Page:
Antarctica warms, which threatens penguins

Unexpected rates of warming threaten to change Antarctica and pose a threat to the survival of some of its penguins.


Penguins are ideally suited to thriving in frigid climates, such as the one pictured in this Antarctic vista. But warming weather may imperil the ability of some colonies of these birds to survive.



Since the 1950s, some portions of Antarctica have cooled (as denoted in faint blue tones), but many areas, including West Antarctica, have warmed substantially (red tones). The stronger the tone, the larger the warming or cooling.


NASA and E.J. Steig

New evidence from satellites and weather stations suggests that way down south, Antarctica is feeling the heat. And that’s not good news for penguins.

Scientists studying climate change knew some coastal areas of Antarctica were warming. But data from weather stations inland — at the South Pole and Lake Vostok — indicated these sites were actually getting colder. Researchers suspected that the whipping winds and freezing temperatures that grip these interior were keeping the rest of the continent cool, as well.

To check that out, a group of scientists decided to take a cold, hard look at the data. They combined weather data from 42 weather stations in Antarctica together with data collected from satellites. Some data went back 50 years. The scientists then devised a new way to estimate temperature trends in Antarctica.

It now shows that much of the continent — particularly the West Antarctic Ice Sheet — had been warming in recent decades. This region makes up about one-fourth of the continent. It also has a lower average elevation than East Antarctica. These data indicate showed that, overall, West Antarctica is warming by about 0.17 degrees Celsius per decade. That rate is comparable to the average elsewhere in the world. The new findings appear in the January 21 issue of Science News.

Just as the scientists suspected, parts of East Antarctica had cooled slightly between 1957 and 2006. But overall, warming in a far larger part of the continent more than offset the cooling seen at the South Pole and Lake Vostok.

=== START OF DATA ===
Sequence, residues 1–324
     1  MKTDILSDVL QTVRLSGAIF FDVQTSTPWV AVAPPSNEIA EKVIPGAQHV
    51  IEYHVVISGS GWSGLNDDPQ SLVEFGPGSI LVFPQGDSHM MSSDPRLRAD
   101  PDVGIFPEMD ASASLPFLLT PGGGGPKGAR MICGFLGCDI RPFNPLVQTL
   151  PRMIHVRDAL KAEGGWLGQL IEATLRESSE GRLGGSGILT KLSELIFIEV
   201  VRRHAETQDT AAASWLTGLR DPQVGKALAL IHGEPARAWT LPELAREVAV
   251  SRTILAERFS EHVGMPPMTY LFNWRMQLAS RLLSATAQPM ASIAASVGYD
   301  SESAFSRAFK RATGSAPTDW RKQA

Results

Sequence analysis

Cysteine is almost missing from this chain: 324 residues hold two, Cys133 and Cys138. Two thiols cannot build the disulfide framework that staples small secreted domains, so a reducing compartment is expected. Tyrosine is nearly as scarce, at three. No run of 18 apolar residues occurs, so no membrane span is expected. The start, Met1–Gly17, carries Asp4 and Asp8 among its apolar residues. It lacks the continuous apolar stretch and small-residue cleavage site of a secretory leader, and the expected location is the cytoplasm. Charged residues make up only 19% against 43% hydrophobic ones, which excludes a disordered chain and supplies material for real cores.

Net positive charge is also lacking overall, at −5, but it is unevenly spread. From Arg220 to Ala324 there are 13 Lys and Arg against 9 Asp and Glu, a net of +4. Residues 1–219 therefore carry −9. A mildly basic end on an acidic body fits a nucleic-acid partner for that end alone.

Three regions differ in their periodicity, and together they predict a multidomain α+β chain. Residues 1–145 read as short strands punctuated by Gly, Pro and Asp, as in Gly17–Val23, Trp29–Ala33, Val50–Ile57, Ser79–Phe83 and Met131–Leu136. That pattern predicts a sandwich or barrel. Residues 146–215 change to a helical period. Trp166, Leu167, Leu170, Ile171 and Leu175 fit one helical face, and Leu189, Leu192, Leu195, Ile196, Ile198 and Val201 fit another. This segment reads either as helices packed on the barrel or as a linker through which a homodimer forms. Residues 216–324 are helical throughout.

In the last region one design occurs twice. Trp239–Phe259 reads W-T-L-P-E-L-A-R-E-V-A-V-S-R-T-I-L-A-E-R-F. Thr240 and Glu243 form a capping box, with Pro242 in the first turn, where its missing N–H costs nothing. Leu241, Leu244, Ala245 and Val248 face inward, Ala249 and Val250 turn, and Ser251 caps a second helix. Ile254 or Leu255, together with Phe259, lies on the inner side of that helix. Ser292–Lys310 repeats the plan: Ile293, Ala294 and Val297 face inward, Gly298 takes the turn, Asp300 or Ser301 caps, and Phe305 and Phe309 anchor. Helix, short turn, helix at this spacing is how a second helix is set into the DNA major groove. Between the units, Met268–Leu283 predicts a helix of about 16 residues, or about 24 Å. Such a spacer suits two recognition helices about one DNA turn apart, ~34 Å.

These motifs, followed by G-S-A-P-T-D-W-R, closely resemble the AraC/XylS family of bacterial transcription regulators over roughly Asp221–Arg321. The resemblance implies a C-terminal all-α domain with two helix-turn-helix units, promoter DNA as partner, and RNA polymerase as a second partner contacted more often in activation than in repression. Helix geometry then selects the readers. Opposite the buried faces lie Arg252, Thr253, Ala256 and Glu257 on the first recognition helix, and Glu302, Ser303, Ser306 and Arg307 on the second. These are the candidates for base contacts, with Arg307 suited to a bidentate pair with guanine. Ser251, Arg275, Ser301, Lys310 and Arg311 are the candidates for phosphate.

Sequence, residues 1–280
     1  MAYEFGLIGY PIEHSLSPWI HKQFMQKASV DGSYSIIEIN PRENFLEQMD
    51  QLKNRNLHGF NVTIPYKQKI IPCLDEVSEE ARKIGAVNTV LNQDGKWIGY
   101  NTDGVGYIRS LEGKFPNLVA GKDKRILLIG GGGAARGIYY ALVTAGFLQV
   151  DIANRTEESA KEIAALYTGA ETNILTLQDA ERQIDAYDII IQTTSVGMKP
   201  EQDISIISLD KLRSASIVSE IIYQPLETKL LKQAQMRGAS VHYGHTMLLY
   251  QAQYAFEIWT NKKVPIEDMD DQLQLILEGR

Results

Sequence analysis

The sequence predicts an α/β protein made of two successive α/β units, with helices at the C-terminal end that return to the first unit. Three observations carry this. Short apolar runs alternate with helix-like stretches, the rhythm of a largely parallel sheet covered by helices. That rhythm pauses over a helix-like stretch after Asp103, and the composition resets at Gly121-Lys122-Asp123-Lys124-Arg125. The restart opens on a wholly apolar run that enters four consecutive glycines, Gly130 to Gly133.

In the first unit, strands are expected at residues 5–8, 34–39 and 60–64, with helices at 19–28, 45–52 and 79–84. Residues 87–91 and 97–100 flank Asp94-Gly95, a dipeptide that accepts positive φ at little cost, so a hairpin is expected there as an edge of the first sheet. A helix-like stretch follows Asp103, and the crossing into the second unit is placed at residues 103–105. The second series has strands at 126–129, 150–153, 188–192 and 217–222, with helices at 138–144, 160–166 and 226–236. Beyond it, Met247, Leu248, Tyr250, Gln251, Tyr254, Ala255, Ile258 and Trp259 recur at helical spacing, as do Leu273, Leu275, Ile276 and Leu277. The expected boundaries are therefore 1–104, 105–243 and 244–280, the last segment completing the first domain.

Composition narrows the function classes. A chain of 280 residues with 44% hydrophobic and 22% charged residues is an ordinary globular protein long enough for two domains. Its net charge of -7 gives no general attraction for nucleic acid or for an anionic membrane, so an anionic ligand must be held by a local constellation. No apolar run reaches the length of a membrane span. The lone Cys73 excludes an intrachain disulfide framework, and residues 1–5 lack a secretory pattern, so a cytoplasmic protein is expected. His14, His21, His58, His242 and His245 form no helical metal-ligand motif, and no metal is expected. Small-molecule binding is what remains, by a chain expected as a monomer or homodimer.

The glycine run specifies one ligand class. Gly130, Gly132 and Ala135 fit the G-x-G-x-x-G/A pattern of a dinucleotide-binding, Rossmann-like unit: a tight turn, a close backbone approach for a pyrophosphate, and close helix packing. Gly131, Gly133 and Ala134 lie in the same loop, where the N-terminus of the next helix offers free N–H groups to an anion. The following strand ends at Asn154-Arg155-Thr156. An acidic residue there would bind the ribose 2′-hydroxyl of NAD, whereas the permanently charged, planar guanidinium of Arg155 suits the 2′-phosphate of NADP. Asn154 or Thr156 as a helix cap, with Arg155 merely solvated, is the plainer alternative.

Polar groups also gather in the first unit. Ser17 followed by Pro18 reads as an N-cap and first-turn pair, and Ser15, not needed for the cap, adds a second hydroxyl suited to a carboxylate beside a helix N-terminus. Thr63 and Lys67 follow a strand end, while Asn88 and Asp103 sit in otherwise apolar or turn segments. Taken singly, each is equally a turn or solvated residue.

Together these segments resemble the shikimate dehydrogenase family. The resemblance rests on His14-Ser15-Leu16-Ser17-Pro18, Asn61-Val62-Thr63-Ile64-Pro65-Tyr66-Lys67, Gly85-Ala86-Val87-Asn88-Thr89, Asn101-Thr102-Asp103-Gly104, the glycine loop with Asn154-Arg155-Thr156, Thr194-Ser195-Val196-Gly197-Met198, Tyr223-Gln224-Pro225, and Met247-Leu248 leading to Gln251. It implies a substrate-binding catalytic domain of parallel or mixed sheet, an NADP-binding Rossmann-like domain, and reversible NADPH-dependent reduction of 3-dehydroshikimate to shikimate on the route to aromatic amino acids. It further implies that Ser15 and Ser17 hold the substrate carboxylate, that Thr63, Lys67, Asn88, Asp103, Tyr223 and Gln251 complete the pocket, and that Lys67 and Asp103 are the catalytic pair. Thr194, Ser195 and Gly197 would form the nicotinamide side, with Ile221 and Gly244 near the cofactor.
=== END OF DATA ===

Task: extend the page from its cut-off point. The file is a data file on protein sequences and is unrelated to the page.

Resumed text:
Antarctica’s warming began somewhat recently, the scientists suspect. The rise in temperature was most likely spurred by a range of dramatic changes. For example, vast areas of sea ice off of the Antarctic coast have shrunk over the past 25 years. That lost sea ice has, in turn, helped open West Antarctica to storms carrying warm, moist air and snow.

“The new results … indicate that there’s warming related to greenhouse gases on all seven of Earth’s continents,” says Drew Shindell. He’s a climatologist at the NASA Goddard Institute for Space Studies in New York City and coauthor of the new study.

Melting ice sheets could also spell disaster for the continent’s wildlife. In another new study, this one reported in the January 26 Proceedings of the National Academy of Sciences, researchers focused on emperor penguins that rely upon the winter sea ice to breed.


Emperor penguins could be on their way to extinction if climate change affects sea ice around Antarctica as expected.



Data gathered at a penguin rookery in Terre Adélie, Antarctica, showed that when winter sea ice dropped by an average of 11 percent for several years running, the penguin population also took a nosedive. During that period, penguin numbers fell to half of normal. When the sea ice reached high levels, penguin populations remained high.

If Antarctic ice sheets continue melting at a high rate, emperor penguins could nearly be wiped out, says Hal Caswell. He’s a mathematical ecologist at the Woods Hole Oceanographic Institution, in Massachusetts.

Even if sea-ice melting slows, the overall number of penguins is still likely to fall. A study developed by Caswell’s team looked at current penguin-population trends together with estimates of how much sea ice will be available in coming years. These analyses indicate that the Terre Adélie rookery could host only 400 breeding pairs by the end of this century. Forty years ago, there were 15 times that many.

Going Deeper:

Polar Ice Feels the Heat

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